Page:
MLB Prospect Power Rankings: Top 10 On The Cusp Of Reaching The Majors (August 2, 2017)

by Eric Stashin (aka The Rotoprofessor)

Which prospects are on the verge of making an impact in the Major Leagues? This weekly column will rank the ten who are closest (as well as other names that are being closely considered). Keep in mind that while talent is factored in opportunity plays a major role, so there may be some “lesser” prospects who rank fairly highly on the list (please note all stats are through Sunday and the number in parenthesis is the ranking from last week):

 

1) Dominic Smith – New York Mets – First Baseman (6)
The assumption was that once Lucas Duda was up dealt (he ultimately landed in Tampa Bay) Smith would instantly be recalled to fill the void at first base.  If we’ve learned anything from the Mets’ handling of Amed Rosario it is that the team will keep to their timelines as opposed to feeling pressure to bring a prospect up sooner than desired. Read more

“Imminent” Arrival? Will Ronald Acuna or Francisco Mejia Arrive To The Majors In ’17

by Eric Stashin (aka The Rotoprofessor)

Yesterday the news broke that the Mets would finally recall Ahmed Rosario for his MLB debut.  While that excitement lingers, you know people will start to wonder if other top prospects will soon be joining him.  Let’s take a look at a few of the hotter names in the minors right now and try to determine how likely it is that they arrive in ’17:

 

Ronald Acuna – Outfielder – Atlanta Braves
The 19-year old has had a special season, spanning three levels of the minor leagues and surprisingly reaching Triple-A.  Despite reaching the highest level of the minors, he appears to have not missed a beat:

LevelABAVGHRRBIRSB
High-A115.2873192114
Double-A221.3269302919
Triple-A66.318410132
Read more

Now In Detroit, Could Jeimer Candelario Make An Immediate Impact In The Majors?

by Eric Stashin (aka The Rotoprofessor)

While Isaac Paredes could ultimately prove to be the more valuable acquisition for the Detroit Tigers, he’s playing at Single-A, is just 18-years old and needs time to develop (though it’s clear he could develop some pop, with 25 doubles and 7 HR over 337 AB).  The other player, 3B Jeimer Candelario, has already appeared in the Majors and has the potential to make an immediate impact for Detroit.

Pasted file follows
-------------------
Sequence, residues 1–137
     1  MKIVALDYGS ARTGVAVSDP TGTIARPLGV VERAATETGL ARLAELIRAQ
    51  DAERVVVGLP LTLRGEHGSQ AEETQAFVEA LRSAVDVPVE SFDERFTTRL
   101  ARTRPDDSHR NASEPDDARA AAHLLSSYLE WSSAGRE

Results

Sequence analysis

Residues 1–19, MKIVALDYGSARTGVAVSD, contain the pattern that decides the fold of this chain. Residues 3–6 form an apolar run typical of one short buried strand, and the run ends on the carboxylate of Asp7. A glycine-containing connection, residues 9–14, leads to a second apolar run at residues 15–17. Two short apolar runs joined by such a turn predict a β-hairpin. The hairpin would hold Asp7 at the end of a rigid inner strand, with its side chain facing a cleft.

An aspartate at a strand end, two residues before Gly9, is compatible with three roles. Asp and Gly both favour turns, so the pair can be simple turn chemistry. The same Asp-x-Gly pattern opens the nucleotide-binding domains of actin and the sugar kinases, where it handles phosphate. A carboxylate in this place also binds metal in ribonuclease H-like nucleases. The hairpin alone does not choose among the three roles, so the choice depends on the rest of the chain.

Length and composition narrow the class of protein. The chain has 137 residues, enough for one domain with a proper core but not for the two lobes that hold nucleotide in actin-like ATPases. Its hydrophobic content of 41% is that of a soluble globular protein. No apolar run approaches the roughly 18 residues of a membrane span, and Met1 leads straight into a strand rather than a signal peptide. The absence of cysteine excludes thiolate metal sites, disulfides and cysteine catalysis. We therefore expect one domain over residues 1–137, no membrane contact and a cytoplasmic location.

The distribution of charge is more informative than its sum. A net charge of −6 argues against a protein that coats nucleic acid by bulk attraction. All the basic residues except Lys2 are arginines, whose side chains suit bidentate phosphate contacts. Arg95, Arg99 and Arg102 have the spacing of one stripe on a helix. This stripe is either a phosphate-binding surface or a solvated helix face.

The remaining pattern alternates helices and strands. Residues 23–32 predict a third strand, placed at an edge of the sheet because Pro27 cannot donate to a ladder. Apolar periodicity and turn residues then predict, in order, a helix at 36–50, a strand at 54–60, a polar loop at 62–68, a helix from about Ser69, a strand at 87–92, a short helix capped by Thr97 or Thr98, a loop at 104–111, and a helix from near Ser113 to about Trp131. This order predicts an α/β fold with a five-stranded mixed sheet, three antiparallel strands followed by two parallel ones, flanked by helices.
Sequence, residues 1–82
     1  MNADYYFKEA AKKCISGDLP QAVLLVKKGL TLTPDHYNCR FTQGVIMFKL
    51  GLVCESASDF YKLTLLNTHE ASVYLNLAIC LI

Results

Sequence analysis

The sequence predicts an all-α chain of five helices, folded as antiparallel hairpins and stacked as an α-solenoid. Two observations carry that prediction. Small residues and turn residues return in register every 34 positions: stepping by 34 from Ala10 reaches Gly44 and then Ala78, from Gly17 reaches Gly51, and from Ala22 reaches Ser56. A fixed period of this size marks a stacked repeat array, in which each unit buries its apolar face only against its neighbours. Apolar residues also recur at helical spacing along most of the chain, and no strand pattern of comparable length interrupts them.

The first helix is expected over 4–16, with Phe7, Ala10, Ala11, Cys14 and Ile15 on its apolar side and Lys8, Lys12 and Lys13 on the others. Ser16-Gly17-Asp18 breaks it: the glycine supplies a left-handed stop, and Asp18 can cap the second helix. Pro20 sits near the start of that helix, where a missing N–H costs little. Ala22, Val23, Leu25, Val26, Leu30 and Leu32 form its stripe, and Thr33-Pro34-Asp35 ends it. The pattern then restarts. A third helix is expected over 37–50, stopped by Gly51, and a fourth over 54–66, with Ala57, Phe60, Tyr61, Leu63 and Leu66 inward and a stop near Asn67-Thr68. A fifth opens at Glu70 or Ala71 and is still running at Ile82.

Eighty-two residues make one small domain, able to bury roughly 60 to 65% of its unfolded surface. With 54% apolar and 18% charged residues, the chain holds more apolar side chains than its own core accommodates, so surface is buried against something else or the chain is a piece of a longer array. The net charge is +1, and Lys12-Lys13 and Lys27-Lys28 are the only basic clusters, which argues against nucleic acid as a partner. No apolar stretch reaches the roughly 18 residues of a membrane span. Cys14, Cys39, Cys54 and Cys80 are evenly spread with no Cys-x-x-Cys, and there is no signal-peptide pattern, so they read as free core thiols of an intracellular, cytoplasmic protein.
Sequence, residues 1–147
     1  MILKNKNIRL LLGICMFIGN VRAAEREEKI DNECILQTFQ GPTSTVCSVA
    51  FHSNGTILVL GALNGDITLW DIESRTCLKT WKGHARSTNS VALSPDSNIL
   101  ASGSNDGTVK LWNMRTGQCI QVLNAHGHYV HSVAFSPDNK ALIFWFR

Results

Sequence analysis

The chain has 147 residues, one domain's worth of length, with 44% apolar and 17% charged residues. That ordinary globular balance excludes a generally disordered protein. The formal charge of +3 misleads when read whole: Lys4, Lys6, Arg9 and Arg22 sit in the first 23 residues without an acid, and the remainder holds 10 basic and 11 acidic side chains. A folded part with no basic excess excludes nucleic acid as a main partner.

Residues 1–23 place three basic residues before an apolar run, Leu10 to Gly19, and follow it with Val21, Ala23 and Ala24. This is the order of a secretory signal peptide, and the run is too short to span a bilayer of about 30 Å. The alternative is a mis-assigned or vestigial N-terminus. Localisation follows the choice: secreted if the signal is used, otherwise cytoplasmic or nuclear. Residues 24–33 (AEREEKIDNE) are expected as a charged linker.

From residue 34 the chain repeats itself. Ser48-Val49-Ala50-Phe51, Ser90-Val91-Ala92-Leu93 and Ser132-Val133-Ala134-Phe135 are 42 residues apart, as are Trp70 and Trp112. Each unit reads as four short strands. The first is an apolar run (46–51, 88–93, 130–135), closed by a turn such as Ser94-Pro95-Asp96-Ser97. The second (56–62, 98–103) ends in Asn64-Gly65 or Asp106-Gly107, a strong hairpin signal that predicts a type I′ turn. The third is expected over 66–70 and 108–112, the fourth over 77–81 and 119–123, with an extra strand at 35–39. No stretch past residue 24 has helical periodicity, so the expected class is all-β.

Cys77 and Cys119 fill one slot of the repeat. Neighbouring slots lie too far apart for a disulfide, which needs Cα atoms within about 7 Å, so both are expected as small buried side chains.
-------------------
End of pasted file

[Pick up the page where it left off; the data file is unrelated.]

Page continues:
Primarily a third baseman, Candelario has also seen time at first base this season and the added flexibility could help expedite his arrival.  Obviously the Tigers have both spots currently covered (Miguel Cabrera and Nick Castellanos, as well as Victor Martinez in the DH spot), but injuries happen and the performance of Castellanos has never quite lived up to the hype.  That’s not to say that the team is going to make a change, but would it be a complete surprise if they wanted to see the newest piece to their puzzle?

For his part Candelario has performed well at Triple-A, hitting .266 with 12 HR and 52 RBI.  He’s added 27 doubles and 3 triples, showing that there’s more power for the 23-year old to tap into as he matures and gains experience.  His best asset, though, has always been his plate discipline: Read more

Did The Rebuilding White Sox Gain Any Value In Their Return For Melky Cabrera?

by Eric Stashin (aka The Rotoprofessor)

The rebuilding White Sox jettisoned another piece on Sunday, sending outfielder Melky Cabrera to the Kansas City Royals in exchange for a pair of pitching prospects.  Do either of the pieces have long-term potential?  Let’s take a look:

 

A.J. Puckett – Right-Handed Pitcher
The better of the two acquisitions, Puckett was a 2016 second round draft pick and has spent the entire season at High-A.  Over 108.1 IP he’s posted a 3.90 ERA and 1.41 WHIP, as the underlying skills are somewhat questionable:

  • Strikeouts – 8.14 K/9
  • Walks – 3.82 BB/9
  • Groundballs – 48.9%

That backs up the lackluster scouting reports we’ve seen.  This one comes courtesy of MLB.com: Read more

Did Philadelphia Get A Steal (LHP McKenzie Mills) In Return For Howie Kendrick?

by Eric Stashin (aka The Rotoprofessor)

You would’ve thought that Philadelphia wouldn’t have been able to acquire much of a prospect for Howie Kendrick, considering the number of outfielders available on the trade market.  While lefty McKenzie Mills, a 2014 18th round draft pick, doesn’t get much attention (which is surprising, considering what he was doing in a depleted Washington system) but there is potential to develop into a viable MLB pitcher.

His numbers at Single-A this season (104.2 IP) are eye opening:

12-2, 3.01 ERA, 0.95 WHIP, 10.15 K/9, 1.89 BB/9

Both the strikeouts and walks are vast improvements over his ’16 marks (7.76 and 4.73, respectively), which can be attributed to some growth and maturation.  Here’s how MLB.com describes his stuff: Read more

Making Sense Of The Mets Trade For A.J. Ramos & The Prospects They Dealt Away

by Eric Stashin (aka The Rotoprofessor)

On the surface it may seem like a surprise that the Mets shipped out a pair of prospects to Miami to acquire A.J. Ramos.  That said, with an eye towards ’18 it makes sense as Ramos could step in and form a formidable 1-2 punch with a hopefully healthy Jeurys Familia at the back of the bullpen.  Another twist to the deal, which could easily be overlooked, comes courtesy of Baseball America: